To whoever reads this.
Spiked Online has put up a review, by Michael Fitzpatrick, of a new book by Terry Eagleton on Christ and the gospels. As I figured out it might be fruitful for an ex-Marxist-turning-Christian to read an ex-Christian-turned-Marxist, I did some reading on Eagleton recently - After Theory and most of his study on tragedy, Sweet Violence. His writing style is brilliant and infuriating at the same time - brilliant because I think he's one of the sharpest polemicists in the Anglophone world, infuriating because he tends to hop from subject to subject in a way I occasionally find hard too follow. Especially with Sweet Violence, I am of course handicapped by literary theory being not my own subject.
The Spiked review points out Eagleton's new book is about the same kind of theme that more than occasionally occurs in his other writings as well: that of Christ and political radicalism:
The presentation of Jesus as ‘homeless, propertyless, peripatetic, socially marginal, disdainful of kinfolk, without a trade or occupation, a friend of outcasts and pariahs, averse to material possessions, without fear for his own safety, a thorn in the side of the Establishment and a scourge of the rich and powerful’ has ‘an obvious popular resonance’. Eagleton explains Jesus’ austere lifestyle – and his celibacy – not as asceticism or Puritanism, but as sacrifices made in anticipation of the imminent arrival of the Kingdom of God.
I'm not at all unsympathetic to the idea, though (from a religious viewpoint) I think it's important to not try too hard to fit Jesus into categories of zealot, or revolutionary, or moral teacher - as they all seem to miss something essential. My own interest in Christianity was kindled by the notion that, taking the New Testament on the face of it, Jesus was not a Spartacus or a Seneca, but someone quite... different. In some kind of dialectical fashion, Jesus seems to me to encapsulate the notion of political liberation within the higher notion of the Kingdom of God, which is somehow already here, intermittently, in the solidarity between human beings - yet still infinitely far away at the same time. Or the notion of morality within a higher notion of God's love and mercy. In the same way that Jesus indeed did not abolish death but conquered it.
I'm curious as to Eagleton's treatment of these matters, and will look to pick up the book at some point.
Michael Fitzpatrick's review ends, somewhat predictably and anti-climactically, with Spiked's usual humanist pep-talk:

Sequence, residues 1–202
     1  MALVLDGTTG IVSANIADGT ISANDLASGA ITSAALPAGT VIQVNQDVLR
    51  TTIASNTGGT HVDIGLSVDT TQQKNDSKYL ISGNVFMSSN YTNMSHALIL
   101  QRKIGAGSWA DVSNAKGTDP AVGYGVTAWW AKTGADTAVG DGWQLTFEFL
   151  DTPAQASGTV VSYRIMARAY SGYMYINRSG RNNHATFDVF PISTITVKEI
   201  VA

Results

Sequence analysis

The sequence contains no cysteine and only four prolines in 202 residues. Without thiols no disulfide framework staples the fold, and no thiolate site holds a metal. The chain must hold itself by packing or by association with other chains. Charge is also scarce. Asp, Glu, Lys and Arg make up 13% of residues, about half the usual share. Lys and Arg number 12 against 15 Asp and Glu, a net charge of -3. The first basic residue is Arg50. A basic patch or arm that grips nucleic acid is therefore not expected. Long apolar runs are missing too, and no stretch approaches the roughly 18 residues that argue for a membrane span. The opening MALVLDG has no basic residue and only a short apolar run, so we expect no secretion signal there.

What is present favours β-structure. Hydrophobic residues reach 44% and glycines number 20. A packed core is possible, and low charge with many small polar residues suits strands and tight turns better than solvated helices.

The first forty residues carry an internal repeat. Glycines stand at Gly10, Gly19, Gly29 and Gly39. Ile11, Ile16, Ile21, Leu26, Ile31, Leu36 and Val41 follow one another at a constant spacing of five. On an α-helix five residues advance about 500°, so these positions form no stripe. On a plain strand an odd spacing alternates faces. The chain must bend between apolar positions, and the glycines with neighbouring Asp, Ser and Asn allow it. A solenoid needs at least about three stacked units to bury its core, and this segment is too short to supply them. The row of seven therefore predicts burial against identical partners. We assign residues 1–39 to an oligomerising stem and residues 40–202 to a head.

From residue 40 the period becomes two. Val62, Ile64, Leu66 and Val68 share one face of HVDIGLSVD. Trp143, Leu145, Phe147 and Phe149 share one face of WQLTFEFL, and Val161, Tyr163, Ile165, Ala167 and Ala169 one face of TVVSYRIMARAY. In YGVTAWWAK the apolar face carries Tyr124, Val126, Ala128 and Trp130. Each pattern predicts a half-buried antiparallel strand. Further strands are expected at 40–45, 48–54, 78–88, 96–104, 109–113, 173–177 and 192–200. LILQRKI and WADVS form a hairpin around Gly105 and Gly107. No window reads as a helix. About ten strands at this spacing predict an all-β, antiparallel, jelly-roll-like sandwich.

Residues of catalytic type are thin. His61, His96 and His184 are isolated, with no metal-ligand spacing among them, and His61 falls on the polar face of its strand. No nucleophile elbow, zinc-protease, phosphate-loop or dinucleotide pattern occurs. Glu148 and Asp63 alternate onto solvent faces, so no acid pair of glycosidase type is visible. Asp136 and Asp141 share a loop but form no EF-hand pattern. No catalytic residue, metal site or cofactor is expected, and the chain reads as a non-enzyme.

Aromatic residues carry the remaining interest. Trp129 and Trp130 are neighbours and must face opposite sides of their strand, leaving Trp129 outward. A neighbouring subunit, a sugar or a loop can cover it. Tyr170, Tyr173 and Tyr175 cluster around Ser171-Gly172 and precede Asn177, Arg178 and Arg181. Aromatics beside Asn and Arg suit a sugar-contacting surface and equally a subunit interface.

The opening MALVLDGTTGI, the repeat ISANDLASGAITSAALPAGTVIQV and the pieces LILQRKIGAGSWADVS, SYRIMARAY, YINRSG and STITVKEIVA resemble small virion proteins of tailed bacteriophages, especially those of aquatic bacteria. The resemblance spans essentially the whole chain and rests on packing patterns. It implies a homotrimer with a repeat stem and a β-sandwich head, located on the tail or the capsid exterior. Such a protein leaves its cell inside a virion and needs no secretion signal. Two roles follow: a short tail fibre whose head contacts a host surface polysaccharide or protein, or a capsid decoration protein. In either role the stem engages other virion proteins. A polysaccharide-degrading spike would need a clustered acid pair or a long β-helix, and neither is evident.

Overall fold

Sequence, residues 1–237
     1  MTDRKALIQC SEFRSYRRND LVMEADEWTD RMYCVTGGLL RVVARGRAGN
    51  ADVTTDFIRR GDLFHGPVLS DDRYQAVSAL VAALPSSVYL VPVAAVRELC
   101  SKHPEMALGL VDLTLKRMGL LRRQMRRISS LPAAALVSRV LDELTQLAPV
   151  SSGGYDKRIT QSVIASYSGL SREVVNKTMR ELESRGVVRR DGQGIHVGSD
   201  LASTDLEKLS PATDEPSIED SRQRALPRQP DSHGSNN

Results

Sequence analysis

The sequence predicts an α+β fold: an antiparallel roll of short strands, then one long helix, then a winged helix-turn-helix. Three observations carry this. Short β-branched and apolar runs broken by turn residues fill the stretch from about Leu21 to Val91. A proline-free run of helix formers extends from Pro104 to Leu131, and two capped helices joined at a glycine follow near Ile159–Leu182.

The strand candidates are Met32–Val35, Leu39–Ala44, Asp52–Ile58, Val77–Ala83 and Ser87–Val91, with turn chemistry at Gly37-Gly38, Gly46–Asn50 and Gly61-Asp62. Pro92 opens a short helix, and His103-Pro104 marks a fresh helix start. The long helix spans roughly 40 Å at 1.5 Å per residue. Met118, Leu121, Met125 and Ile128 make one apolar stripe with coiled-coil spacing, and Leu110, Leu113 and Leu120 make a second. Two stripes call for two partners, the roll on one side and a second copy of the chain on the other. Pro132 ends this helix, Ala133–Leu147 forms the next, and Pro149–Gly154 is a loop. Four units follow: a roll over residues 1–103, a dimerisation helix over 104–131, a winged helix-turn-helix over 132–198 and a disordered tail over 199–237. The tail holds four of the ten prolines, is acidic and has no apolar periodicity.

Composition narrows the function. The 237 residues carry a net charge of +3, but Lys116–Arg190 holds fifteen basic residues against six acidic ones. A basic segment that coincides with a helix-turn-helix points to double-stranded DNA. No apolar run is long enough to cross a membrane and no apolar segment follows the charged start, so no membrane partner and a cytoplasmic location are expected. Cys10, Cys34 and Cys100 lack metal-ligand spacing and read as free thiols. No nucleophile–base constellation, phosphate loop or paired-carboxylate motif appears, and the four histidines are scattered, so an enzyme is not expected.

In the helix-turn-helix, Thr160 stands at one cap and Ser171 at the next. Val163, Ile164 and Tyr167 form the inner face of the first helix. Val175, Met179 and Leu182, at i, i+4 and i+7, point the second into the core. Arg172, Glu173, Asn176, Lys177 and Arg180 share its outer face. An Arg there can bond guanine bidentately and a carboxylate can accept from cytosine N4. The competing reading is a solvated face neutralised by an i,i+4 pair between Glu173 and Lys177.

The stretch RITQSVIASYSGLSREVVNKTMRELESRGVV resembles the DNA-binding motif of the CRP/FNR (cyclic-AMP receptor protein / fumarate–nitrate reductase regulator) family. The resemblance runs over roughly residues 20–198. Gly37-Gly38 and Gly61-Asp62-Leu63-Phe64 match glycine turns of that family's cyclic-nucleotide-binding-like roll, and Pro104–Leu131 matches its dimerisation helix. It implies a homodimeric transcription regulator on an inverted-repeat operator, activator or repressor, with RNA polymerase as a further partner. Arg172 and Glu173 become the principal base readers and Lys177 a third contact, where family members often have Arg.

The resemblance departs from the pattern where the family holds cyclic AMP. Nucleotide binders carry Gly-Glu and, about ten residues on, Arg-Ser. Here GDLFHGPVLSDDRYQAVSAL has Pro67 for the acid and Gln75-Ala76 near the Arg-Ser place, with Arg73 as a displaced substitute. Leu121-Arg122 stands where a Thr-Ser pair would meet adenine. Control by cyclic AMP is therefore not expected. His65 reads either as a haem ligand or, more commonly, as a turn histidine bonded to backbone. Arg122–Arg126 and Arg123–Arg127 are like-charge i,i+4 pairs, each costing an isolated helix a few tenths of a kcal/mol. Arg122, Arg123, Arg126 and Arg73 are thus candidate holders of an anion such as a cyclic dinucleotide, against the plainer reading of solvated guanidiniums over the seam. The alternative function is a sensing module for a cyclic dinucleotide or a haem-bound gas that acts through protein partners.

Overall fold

The fact that past attempts to realise the dreams of reason and freedom through the quest for social progress have ended in failure indicates the need to deepen the humanist project – rather than surrendering to the baleful doctrines of original sin promulgated with renewed fervour in the void of the new millennium by Pope Benedict. While Benedict insists that hope depends on faith in transcendental redemption, Eagleton rightly insists that our source of hope lies in the ‘open-ended nature of humanity’.
There's my usual gripe with Spiked. They remind me at times too much of the International Socialist meetings I occasionally attended. They always ended the same. A discussion about, well, whatever - Palestine, peace in Northern Ireland, the education system - would meander on for a little until an obviously planted IS cadre member would stand up from the crowd and spontaneously elucidate the need for a genuine socialist revolution to solve the problem at hand, with joining the IS or at least buying a subscription to their newspaper being a necessary, though not sufficient, condition for aforementioned event to occur. Likewise, with Spiked, for all their refreshing optimism, their disdain for political correctness and their willingness to slaughter the sacred cows of environmentalism, the animal rights movement, etc. always end up with a starry-eyed vision of tough self-reliant humans, liberated from their infantile fears of technology, progress, disease and death, and guided by the light of reason, marching off into libertarian socialist utopia. Can't they hire some appropriately curmudgeonly rightist, say an Anthony Dalrymple, as a guest columnist?
This said, they're more readable than just about anything else on the political Left.
Incidentally, I think Michael Fitzpatrick draws a false dichotomy in his conclusions - that between hope depending on "faith in transcendental redemption" and lying in the "in the ‘open-ended nature of humanity’". Though I am ever more sceptical of the latter - not so much of the potential of humans to evolve towards the better as of attempts to help that evolution along - I do not think the two hopes exclude one another. The big thing for me about the Christian narrative lies precisely in the way the universal and the symbolic (the reconciliation between God and man, the redemption of the latter) is played out in the very particular and concrete (a specific historical event concerning some specific people in Palestine). The transcendental, it seems to me, envelops and frames the particular, the historical, the here-and-now, without denying it. Likewise with the religious hope for some kind of reconciliation at the end of history and the here-and-now need for social justice, political freedom, etc.